Private Equity is Empowering Workers through Broad-Based Employee Ownership Programs

Private equity investments support workers with well-paying jobs at more than 30,000 businesses nationwide. More than 12 million Americans are employed by private equity-backed companies. These workers make more than $80,000 in annual wages and benefits, which far exceeds the national average. Now, private equity is going even further to support workers by launching innovative initiatives to give employees an ownership stake in their companies and a voice in how their businesses are run. 

Over the past month, media outlets have reported on employee ownership initiatives – including these stories:

WSJ – Blackstone to Grant Equity to Most Employees in Future U.S. Buyouts

Today, the Wall Street Journal reported that Blackstone announced it would grant ownership stakes to most employees at its portfolio companies. The new initiative will apply to all new Blackstone investments going forward and will positively impact more than 400,000 workers across its portfolio companies. Blackstone is kicking off the program by giving ownership to roughly 18,000 employees of Copeland, which is a manufacturer that builds commercial heating and cooling systems.

Blackstone has already implemented broad-based ownership programs at some of its companies, such as Legoland-owner Merlin Entertainments. “In what we’re trying to do across our portfolio, broad-based equity ownership is just a part of a much more important path,” said Joseph Baratta, global head of private equity.

CBS 60 Minutes – Private equity heavyweight pushing employee ownership

In a recent 60 Minutes segment, CBS News interviewed KKR executive Peter Stavrosabout his vision to give ownership stakes to employees at KKR-backed businesses. The piece highlights how employee ownership in C.H.I. Overhead Doors, a KKR-backed business, helped change employees’ lives and enriched the broader Arthur, Illinois community.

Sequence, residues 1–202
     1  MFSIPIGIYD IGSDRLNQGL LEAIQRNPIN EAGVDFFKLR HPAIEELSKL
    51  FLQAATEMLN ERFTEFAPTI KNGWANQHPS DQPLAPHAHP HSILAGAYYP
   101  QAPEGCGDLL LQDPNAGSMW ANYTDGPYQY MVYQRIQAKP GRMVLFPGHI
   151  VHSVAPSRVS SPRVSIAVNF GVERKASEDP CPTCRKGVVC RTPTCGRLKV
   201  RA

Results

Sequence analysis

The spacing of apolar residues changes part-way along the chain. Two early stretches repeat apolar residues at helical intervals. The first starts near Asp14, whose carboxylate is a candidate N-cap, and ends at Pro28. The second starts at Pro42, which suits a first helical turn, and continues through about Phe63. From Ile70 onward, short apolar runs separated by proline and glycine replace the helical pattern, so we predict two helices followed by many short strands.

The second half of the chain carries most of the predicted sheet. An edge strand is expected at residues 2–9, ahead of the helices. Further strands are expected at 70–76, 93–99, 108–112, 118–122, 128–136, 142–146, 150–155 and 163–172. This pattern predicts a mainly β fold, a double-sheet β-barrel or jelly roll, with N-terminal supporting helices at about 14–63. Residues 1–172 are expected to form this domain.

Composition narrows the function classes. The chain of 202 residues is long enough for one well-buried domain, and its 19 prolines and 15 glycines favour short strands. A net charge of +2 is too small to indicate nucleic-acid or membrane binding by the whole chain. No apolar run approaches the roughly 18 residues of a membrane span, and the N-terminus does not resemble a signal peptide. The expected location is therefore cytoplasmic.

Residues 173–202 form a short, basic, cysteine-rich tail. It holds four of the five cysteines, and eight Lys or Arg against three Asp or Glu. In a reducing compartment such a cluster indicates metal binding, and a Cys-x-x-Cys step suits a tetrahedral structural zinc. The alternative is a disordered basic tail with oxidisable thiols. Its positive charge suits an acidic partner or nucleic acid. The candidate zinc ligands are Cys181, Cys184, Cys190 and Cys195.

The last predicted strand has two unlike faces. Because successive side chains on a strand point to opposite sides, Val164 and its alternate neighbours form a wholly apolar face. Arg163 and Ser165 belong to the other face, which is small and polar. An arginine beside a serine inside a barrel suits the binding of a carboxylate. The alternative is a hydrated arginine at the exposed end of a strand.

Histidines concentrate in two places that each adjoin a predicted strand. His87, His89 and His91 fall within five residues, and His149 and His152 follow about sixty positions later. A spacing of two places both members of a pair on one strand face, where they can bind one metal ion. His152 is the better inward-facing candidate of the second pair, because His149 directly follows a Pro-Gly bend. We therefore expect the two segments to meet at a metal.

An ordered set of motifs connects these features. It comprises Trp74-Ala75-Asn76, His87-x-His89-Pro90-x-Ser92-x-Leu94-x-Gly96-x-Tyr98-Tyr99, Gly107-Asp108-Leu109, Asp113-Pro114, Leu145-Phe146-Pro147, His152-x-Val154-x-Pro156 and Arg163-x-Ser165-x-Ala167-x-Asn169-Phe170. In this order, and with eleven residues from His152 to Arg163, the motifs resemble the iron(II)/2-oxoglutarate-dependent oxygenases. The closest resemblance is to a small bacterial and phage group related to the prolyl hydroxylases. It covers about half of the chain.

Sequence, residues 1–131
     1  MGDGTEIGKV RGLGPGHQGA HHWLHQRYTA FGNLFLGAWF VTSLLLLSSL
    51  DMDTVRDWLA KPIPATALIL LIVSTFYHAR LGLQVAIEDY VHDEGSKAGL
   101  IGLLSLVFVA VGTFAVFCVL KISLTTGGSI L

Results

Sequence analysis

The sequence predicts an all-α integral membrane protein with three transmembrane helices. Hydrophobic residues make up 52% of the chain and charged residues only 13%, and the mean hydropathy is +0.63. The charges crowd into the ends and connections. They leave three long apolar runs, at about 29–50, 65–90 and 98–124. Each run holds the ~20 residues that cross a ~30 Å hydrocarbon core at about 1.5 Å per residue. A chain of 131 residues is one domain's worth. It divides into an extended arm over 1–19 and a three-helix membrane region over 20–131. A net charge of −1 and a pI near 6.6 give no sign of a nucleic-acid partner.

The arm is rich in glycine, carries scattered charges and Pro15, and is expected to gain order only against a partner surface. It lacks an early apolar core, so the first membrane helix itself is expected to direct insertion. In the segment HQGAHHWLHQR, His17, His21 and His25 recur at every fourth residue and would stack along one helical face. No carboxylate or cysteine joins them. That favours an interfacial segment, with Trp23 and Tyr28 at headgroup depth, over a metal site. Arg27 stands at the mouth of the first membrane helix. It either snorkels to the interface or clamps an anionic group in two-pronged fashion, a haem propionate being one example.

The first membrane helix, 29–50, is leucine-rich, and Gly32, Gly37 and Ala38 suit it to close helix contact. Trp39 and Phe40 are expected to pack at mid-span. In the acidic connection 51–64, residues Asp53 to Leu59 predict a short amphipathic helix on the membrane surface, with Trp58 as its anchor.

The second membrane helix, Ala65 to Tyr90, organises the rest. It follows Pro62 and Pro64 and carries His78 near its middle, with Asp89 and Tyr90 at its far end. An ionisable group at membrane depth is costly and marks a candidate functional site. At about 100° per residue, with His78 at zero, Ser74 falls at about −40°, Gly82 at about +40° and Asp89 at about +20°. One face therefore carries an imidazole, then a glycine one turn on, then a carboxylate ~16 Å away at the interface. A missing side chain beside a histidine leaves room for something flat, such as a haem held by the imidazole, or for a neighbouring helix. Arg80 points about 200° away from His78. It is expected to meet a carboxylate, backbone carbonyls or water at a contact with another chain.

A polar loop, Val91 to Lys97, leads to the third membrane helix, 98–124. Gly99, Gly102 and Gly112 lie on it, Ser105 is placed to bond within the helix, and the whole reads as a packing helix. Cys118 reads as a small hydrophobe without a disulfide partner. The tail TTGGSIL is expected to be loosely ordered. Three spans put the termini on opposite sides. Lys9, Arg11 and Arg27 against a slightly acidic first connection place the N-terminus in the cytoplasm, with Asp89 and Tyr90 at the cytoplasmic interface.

• “Layoffs would have devastated Brad Edwards’ family. They were buried under credit card debt with no savings—both Brad and his wife, Crystal, had to take second jobs to support themselves and their three daughters. But when KKR executive Pete Stavros came to Arthur to speak to employees after the sale, he brought unexpected news. Far from the steep cutbacks the workers feared, C.H.I would be growing, and the entire workforce would now be part-owners in the business.”

  • “In 2022, KKR sold C.H.I. Overhead Doors for a ten-fold return. Employees were summoned to the factory floor for the payout announcement. They knew they stood to gain, but not precisely how much. Stavros started with employees who’d just joined the company. Their payout: $20,000. The numbers went up from there, according to how long employees had been at C.H.I. Brad Edwards wouldn’t reveal exactly how much he made, but said the check was in the mid-six figures. It was life-changing for the family.”

  • “The windfall for C.H.I. employees rippled across Arthur, Illinois as employees had money to spend in, and on, the community. The Edwards family donated to their church, paid off their credit card debt and started a college fund for their kids.”

Stavros also played a major role in launching Ownership Works, a nonprofit organization with strong private equity membership that partners with companies and investors to allow all employees to build wealth at work. Since 2011, more than 45 KKR portfolio companies have awarded billions of dollars of total equity value to over 100,000 non-senior-management employees.